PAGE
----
Merck JV looking at new rotavirus vaccine for poor

LONDON (Reuters) - A joint venture between U.S. drugmaker Merck and Britain’s Wellcome Trust charity said on Monday it is working on an oral rotavirus vaccine designed to be cheaper and easier to use than current shots.

Vaccines sit on a tray in a hospital in this file photo. REUTERS/Nicky Loh

Hilleman Laboratories, an India-based joint venture set up on a not-for-profit basis in 2009, said the vaccine will aim to protect against diarrhea-causing rotavirus infections and will be based on thin strips or granules that dissolve in the mouth and can be easily transported, stored and administered.

Diarrhea is one of the top two killers of children under five worldwide, and rotavirus is the leading cause of severe diarrheal disease in children. Each year, rotavirus-related diarrhea kills more than 500,000 children and is the cause of many millions more needing hospital treatment.

Vaccines are often the best hope for tackling many diseases in poor countries, but in many cases they are either too expensive or unsuited to tropical conditions.

Currently available rotavirus shots, made by Merck & Co. and GlaxoSmithKline, need to be kept in cold storage -- making their transportation and delivery complex and costly.

Akshay Goel, Hilleman’s chief scientific officer, told Reuters in a telephone interview the researchers would be looking specifically at heat stability, ease of administration, package size and low cost as key features of the vaccine.

The team are also working with Medicine in Need (MEND), an international non-profit organization which specializes in advanced drug and vaccine delivery technologies.

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“Many first-generation vaccines have not been developed with the specific needs of countries with poor infrastructure for vaccine delivery in mind,” said Altaf Lal, Hilleman’s chief executive. He said Hilleman hoped to be ready with a product within four years which could then be manufactured by drugmakers and sold at an affordable price to developing countries.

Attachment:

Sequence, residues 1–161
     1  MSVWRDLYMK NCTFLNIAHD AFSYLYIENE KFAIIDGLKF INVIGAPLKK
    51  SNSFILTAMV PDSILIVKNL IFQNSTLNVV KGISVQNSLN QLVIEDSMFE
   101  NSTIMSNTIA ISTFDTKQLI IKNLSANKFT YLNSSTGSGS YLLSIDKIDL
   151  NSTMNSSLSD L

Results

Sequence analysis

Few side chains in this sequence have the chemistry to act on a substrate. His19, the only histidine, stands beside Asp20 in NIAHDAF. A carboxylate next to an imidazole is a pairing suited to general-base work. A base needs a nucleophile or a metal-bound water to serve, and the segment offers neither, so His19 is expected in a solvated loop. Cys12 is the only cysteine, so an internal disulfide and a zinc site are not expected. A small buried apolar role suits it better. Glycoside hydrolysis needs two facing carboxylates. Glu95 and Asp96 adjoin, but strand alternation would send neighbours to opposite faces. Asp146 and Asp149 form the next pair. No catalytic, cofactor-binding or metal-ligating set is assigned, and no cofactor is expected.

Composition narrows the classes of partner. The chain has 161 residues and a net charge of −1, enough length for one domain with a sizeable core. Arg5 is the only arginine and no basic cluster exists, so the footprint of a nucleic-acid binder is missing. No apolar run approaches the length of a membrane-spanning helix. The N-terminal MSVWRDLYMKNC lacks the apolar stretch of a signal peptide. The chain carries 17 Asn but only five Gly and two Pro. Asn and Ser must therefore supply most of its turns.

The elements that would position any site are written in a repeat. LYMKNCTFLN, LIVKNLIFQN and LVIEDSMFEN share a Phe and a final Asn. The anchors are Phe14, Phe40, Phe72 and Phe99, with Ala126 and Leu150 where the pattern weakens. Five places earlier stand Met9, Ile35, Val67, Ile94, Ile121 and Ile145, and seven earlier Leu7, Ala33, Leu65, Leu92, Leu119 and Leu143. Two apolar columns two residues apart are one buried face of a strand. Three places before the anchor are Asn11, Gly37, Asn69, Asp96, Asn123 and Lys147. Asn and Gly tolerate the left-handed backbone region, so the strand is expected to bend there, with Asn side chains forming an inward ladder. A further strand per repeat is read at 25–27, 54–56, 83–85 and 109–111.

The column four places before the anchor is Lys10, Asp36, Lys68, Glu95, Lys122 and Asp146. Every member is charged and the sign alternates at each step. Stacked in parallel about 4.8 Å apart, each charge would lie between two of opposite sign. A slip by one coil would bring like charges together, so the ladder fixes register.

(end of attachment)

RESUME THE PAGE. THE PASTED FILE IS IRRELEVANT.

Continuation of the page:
The World Health Organization (WHO) estimates that between 10 and 50 percent of vaccines may be wasted globally every year due to cold storage, shipping and other logistical problems.

Altaf said that if this initial work on rotavirus immunizations was successful, the venture would also seek to develop similar oral delivery technologies for other vaccines important to the health of people in poorer countries.

“This technology has the potential to be a real game changer in vaccine development and delivery,” David Heymann, chairman of Britain’s Health Protection Agency and also chair of Hilleman Laboratories’ strategic advisory group, said in a statement.

Merck and Wellcome said in 2009 they would invest equally in Hilleman, which was launched with a combined cash contribution of 90 million pounds ($144 million) over seven years.

The Merck/Wellcome rotavirus project follows a similar initiative for meningitis, which late last year resulted in the launch of a vaccine called MenAfricVac, specifically designed to be cheap enough for poor countries and to target a type of meningitis common in Africa.

Developed by the non-profit organization PATH and the WHO, it costs just 50 cents per dose and protects against bacterial meningitis A, a strain that causes annual epidemics which kill thousands every year in Africa.

Editing by Jon Loades-Carter